Iolo has just released a new and much faster program called SCORCH. It only works as a standalone program, not as a TSR. It DOES handle the wild cards however. To download SCORCH.ZIP click here.
Another secure file deletion system is the WIPEUTIL.ZIP collection from Mark Andreas. This contains programs to wipe the files, wipe the unused disk space, and wipe the 'tips' (i.e., the areas between end-of-file and end-of- cluster) which might contain older data from a prior usage of the last cluster of the file. Mark's home page seems to be unavailable now, so I have reposted it here.
Another file wiping program, possibly easier to use than the WIPEUTIL
collection, is WIPEM, by Emil Laurentiu of Romania. This is a single program
which can make multiple passes through your disk, wiping empty space, directory
entries, and 'tips'. Get it here.
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Adi Shamir proposed a way of splitting up a 'secret' such as a file, or
what have you, into n parts of which any k (k < n) would be sufficient to
reconstruct the original file. In 1993 Hal Finney reduced this to a program
which is in the public domain. The reference is to a non-US site, since
this program may be subject to EAR regulations. To download SECSPLIT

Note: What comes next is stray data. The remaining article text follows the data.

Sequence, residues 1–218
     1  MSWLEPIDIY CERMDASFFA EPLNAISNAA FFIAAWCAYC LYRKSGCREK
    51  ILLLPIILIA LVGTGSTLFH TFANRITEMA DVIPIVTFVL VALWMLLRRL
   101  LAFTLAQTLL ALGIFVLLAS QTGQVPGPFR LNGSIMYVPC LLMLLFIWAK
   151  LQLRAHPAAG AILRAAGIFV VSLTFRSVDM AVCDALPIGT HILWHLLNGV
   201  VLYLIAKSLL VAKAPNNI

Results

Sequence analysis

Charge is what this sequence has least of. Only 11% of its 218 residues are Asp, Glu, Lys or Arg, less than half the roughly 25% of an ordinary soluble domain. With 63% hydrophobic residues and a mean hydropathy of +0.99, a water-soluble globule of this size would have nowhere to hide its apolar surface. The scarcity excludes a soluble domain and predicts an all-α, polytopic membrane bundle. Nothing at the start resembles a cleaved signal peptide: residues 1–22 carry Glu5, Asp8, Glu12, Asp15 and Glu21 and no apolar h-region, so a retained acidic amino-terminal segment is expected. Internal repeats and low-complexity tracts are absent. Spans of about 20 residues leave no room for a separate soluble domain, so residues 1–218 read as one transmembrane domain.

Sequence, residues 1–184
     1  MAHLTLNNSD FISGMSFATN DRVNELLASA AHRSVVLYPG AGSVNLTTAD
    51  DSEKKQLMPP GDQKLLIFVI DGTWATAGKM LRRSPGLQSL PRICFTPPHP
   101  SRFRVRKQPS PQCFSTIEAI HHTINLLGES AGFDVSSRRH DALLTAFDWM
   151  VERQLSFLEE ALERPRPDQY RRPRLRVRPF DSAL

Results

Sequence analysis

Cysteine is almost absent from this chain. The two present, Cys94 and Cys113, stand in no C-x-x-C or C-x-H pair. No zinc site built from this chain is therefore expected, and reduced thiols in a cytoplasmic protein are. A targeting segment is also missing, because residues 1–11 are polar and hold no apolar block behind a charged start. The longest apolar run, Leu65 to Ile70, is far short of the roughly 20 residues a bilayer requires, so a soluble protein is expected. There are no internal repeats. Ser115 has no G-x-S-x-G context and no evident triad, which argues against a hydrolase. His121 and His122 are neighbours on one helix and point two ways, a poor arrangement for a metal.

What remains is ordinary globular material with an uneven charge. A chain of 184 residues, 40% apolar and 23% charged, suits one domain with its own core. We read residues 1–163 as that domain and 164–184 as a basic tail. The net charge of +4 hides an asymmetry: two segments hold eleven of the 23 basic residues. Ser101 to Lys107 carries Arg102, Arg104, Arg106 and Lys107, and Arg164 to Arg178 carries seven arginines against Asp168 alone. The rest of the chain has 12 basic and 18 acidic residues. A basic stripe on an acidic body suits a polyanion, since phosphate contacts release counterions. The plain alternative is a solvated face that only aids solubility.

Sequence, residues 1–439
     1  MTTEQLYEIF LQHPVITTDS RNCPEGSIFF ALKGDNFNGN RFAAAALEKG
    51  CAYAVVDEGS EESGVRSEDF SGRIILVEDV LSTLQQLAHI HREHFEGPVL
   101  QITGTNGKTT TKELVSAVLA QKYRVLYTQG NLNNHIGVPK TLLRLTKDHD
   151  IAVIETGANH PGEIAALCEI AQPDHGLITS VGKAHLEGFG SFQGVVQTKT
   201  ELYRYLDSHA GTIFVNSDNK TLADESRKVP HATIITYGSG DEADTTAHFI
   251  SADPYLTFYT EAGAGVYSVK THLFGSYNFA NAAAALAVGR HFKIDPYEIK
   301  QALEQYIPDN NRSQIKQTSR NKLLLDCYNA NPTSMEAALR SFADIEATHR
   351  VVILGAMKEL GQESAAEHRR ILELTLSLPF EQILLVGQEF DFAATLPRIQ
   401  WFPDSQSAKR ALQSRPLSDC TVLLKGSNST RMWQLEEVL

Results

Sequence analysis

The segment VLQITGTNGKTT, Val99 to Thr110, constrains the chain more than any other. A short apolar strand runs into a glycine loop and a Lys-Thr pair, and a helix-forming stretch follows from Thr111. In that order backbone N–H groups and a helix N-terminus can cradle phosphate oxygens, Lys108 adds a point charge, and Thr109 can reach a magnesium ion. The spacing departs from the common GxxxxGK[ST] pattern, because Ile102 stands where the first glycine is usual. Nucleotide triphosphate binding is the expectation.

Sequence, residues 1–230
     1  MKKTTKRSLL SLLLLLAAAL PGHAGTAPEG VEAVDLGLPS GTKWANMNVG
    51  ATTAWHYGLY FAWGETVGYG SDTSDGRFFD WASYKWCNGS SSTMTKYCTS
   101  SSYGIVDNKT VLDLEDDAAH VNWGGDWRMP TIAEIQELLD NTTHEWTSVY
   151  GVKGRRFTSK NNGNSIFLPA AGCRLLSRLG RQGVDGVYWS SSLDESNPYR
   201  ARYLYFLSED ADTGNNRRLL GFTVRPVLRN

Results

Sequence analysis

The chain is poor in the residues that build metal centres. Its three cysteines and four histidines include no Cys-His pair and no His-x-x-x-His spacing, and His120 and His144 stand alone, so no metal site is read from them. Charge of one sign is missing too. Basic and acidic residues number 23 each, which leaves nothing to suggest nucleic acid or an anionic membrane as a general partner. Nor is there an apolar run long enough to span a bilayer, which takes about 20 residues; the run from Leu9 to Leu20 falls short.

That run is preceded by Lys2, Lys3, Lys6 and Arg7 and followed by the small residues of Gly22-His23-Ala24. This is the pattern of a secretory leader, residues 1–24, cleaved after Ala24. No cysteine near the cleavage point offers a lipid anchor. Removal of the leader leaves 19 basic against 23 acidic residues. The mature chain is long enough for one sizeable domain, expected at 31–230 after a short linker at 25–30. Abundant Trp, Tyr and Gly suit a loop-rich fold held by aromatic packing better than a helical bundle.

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FDFORMAT is a program written by Christoph H. Hochsetter in Germany. (Note that the e-mail address given in the docs is no longer valid). FDFORMAT will format a 3 1/2" disk to as much as 1.72MB. It requires a small TSR program to be installed (usually during the boot process) so it rewrites the boot sector to boot from the hard disk even if the floppy is present. I have used it for several years, with only occasional problems. If the computer tells me that the disk is invalid, I try again, and I can't remember a case where the second try has not worked. To get FDFORMAT Click here.
2M30 is a program written by Ciriaco Garcia de Celis, a student in Spain.
It will take a 3 1/2" HD disk to 1.88KB (actually yields 1.91KB) It also needs
a TSR loaded, and boots from the hard disk, but has options to boot from the